All eyes have been on the NHS in recent months as it celebrated its seventieth birthday. Politicians spent much of 2018 venerating its founding principles — public, universal, free at the point of use — as consensus ideals across the political spectrum.
This is a substantial departure from the reality of the NHS today, a public institution marketised, privatised, and subject to cuts that threaten its future. In its seventieth anniversary year the NHS was forced to delay around 55,000 operations and employ consultants to turn away patients from A&E that were deemed non-emergency. In many hospitals, ambulances waited outside A&E departments at full capacity, and corridors were lined with patients on hospital trolleys, reflecting the 15,000 beds cut in the last six years.
A 2017 article in the British Medical Journal on the impact of spending constraints on mortality in England estimated that by 2020 cuts to health and social care budgets since 2009 would be associated with over 150,000 deaths. Last year’s winter crisis in the NHS was officially the worst on record, with patient waiting times, bed shortages, and ambulance queues hitting unprecedented levels. From October of 2018, NHS Providers were warning the government that this year would be even worse.
All of this just looks at the headline issues. But the NHS affects public health in a myriad of ways. It employs over 30 per cent of the public sector workforce (around 1.6 million people), and so its employment policies impact the quality, pay, and working conditions of a large section of the population. As a purchaser of services, healthcare organisations spend around £20 billion annually, in turn affecting local and national economic, social, and environmental factors. NHS hospitals alone own around 1,200 sites worth between £9–11 billion. NHS-related traffic accounts for 3.5 per cent of all road traffic in England, which produces an estimated of £345 million worth of potential mortality effects and costs to society in terms of air pollution. As a carbon user, NHS activity accounts for 40 per cent of public sector emissions.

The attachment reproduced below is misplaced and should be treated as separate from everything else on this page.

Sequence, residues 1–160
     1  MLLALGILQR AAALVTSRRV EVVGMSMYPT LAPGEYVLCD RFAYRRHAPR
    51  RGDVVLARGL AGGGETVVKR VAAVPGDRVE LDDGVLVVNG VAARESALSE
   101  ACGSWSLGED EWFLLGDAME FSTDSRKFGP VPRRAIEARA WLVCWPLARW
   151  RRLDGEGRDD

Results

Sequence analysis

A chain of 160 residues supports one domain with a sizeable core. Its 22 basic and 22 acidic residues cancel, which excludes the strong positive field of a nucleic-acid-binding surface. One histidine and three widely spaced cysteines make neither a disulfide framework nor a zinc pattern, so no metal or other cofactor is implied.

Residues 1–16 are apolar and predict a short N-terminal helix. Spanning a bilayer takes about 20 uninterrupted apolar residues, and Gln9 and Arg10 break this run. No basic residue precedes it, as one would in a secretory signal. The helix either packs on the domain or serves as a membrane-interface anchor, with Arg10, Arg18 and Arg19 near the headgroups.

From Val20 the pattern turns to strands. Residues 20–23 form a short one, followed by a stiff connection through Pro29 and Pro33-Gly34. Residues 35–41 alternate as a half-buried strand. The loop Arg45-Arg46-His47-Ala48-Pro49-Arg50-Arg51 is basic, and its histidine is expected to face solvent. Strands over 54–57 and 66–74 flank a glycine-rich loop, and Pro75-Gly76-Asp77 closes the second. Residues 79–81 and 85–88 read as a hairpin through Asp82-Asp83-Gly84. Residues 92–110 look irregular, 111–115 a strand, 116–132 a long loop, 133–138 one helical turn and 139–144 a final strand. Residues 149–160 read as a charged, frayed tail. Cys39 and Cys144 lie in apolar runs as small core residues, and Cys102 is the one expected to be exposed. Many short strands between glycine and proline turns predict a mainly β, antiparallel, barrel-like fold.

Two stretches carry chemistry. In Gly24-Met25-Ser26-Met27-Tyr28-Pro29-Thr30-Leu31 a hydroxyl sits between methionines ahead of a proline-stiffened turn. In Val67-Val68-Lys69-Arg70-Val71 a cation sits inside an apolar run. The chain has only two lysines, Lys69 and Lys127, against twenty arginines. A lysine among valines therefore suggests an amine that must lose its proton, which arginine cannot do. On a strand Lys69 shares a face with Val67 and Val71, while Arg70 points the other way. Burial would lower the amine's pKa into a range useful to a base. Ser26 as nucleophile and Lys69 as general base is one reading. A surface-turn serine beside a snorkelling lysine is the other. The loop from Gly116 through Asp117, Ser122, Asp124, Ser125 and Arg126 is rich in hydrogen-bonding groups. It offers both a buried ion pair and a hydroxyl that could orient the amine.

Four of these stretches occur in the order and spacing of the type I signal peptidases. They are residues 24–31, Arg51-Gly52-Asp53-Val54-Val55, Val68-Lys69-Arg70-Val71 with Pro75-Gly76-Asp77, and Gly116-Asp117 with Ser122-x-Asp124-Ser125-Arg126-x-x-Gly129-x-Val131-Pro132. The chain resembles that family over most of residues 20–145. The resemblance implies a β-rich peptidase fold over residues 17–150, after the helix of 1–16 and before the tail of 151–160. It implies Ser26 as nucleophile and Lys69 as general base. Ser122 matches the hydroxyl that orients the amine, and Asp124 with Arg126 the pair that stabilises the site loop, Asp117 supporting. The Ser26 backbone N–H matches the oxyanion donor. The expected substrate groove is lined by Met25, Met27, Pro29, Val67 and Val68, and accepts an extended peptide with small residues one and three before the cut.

All of these factors have a significant impact on public health — and are largely unacknowledged by government. Employment practices, climate change from carbon emissions, and even city design are all impacted by NHS activity, affecting how we live, our health, and the health of the planet. The latter was emphasised by the 2015 Lancet Commission on Public Health and Climate Change, which produced a stark conclusion: without serious government intervention ‘anthropogenic climate change threatens to undermine the past fifty years of gains in public health’. If the Left is to meet this challenge, we need to look at healthcare more holistically and begin to design an NHS fit for the twenty-first century — one that takes care of the health of the public and the planet.
The logic of privatisation — which not only says the most important metric for healthcare provision is profit, but also removes decision-making from democratic arenas — is ill-suited to meet this challenge. This can already be seen in Britain’s transport infrastructure, where the privatisation of bus and rail services has disincentivised the kind of mass transit that might reduce carbon footprint. Privatisation has also hindered public health outside the NHS, contributing to everything from lower health and safety standards to more frequent disasters in companies like BP.
The health risks of the increasingly-dangerous new methods pursued by the fossil fuel industry, such as fracking, are also clear. A recent study, produced in the journal Reviews on Environmental Health, detailed the risk posed to children’s early development from airborne particulates and heavy metals associated with fracking. In addition, former US Environmental Protection Agency scientist Dominic DiGiulio produced landmark research demonstrating the severe pollution fracking caused to drinking water in Wyoming, one of America’s most fracked states. None of this is even to mention the health impacts of fracking-related earthquakes, which have already been felt in the UK.